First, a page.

Here’s something to consider the next time you authorize discipline or discharge: It pays to independently investigate’s underlying reasons for the action.
Do that even if the employee in question doesn’t belong to a traditional protected class. Reason: Reverse discrimination is also illegal. Plus, rubber-stamping a discrimination-tainted recommendation is never a good idea.
Recent case: Margaret Branscomb was hired as a bridal gown alterations specialist at the same time the company hired a Hispanic alterations specialist. The Hispanic employee didn’t have any experience, while Branscomb did. The two managers who supervised both women were also Hispanic.
Shortly after she was hired, Branscomb was terminated. The manager who made the decision was not Hispanic, but acted on the Hispanic managers’ recommendations.
Branscomb sued, alleging reverse discrimination. She claimed the Hispanic managers treated Branscomb with disrespect and disdain. She also pointed out that brides typically liked her alterations better than the other woman’s.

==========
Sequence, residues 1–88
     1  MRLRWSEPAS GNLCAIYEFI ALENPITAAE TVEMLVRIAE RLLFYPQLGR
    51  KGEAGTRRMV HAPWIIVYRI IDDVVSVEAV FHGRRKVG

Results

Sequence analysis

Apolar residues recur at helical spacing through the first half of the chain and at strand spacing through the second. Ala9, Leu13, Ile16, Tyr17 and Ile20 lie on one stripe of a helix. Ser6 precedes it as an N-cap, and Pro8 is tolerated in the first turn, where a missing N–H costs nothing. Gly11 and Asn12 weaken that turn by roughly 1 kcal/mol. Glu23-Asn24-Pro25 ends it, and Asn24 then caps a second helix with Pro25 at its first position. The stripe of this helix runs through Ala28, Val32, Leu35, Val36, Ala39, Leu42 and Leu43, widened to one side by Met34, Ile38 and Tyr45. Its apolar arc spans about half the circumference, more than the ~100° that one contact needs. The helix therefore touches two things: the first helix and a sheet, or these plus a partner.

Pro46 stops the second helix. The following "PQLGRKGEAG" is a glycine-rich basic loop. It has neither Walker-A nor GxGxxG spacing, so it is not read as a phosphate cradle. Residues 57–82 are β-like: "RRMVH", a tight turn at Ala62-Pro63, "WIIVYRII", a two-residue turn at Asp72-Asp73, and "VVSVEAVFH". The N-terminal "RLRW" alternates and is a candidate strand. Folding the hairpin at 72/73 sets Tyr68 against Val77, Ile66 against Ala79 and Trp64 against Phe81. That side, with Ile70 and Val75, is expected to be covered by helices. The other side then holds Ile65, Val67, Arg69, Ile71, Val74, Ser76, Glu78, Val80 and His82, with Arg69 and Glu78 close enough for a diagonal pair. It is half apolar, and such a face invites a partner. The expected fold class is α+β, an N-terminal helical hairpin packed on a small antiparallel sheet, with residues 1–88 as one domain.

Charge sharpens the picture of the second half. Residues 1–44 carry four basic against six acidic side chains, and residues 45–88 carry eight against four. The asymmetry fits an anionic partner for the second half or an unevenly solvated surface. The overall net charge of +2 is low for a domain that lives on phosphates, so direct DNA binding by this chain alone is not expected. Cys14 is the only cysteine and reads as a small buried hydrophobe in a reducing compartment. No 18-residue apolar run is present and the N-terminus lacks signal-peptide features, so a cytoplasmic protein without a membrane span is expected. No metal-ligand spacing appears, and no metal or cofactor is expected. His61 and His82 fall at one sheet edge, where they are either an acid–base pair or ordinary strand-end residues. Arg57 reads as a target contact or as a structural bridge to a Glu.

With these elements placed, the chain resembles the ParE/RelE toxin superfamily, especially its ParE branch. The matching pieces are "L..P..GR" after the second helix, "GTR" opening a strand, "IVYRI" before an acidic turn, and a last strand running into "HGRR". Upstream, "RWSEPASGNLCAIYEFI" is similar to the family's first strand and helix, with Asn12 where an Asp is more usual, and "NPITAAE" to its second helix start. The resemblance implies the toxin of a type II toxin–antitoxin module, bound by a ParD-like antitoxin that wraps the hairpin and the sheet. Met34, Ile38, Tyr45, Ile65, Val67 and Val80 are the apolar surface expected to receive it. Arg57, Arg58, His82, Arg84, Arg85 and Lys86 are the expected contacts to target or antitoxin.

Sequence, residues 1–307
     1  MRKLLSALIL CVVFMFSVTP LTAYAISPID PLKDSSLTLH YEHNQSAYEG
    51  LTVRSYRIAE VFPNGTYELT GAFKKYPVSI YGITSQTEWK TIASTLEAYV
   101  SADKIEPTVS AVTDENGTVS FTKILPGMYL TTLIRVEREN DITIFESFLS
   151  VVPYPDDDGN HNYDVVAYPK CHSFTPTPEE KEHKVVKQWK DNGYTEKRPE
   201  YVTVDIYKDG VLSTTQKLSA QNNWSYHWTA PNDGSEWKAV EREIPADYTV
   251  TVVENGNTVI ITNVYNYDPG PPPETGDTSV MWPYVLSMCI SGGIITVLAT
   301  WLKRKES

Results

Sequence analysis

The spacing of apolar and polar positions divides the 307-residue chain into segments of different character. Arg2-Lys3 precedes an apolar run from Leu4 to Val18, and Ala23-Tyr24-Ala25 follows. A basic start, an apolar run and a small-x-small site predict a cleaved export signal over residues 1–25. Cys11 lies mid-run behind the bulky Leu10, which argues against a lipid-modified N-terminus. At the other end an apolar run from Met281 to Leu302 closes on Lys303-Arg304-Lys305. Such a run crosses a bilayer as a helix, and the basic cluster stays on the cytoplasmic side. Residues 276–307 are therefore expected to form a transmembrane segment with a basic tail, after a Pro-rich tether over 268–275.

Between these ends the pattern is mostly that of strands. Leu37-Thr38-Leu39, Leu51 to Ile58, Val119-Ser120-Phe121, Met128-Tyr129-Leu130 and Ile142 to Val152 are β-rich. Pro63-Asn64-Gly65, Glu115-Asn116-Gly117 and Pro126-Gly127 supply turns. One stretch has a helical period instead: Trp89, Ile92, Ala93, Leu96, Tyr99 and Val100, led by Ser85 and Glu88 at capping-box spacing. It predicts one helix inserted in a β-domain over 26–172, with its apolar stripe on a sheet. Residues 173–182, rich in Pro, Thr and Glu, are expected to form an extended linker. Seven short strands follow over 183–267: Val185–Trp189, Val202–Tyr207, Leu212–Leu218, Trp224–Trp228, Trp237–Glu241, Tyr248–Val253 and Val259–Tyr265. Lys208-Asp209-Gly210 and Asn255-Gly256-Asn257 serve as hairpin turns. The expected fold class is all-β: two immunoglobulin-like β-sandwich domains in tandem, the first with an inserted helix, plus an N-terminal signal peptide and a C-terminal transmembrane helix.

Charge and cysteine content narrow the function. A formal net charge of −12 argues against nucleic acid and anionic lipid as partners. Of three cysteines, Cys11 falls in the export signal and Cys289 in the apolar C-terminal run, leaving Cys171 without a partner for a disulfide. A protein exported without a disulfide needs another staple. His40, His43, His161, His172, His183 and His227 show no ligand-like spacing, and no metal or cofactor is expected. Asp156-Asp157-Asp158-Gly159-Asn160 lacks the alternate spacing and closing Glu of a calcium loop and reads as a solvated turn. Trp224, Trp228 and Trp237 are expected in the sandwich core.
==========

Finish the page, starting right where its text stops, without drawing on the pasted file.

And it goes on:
The employer argued that, since the same individuals participated in Branscomb’s hiring and discharge, they couldn’t have been prejudiced and therefore couldn’t have discriminated.
But the court said there are limits to the presumption that the person who hired someone knowing their race, won’t turn around and fire that employee because of prejudice. It said Branscomb’s case deserved a jury trial to determine if the Hispanic managers recommended retaining the Hispanic alterations specialist because of her ethnicity and therefore practiced reverse discrimination. (Branscomb v. Group USA, No. 11-15067, 9th Cir., 2012)
Final note: You can never know what secret prejudice lurks in a supervisor’s heart. That’s why you must examine each new termination recommendation with fresh eyes. Review, speak with other managers and, if possible, give the employee a chance to present her version of events.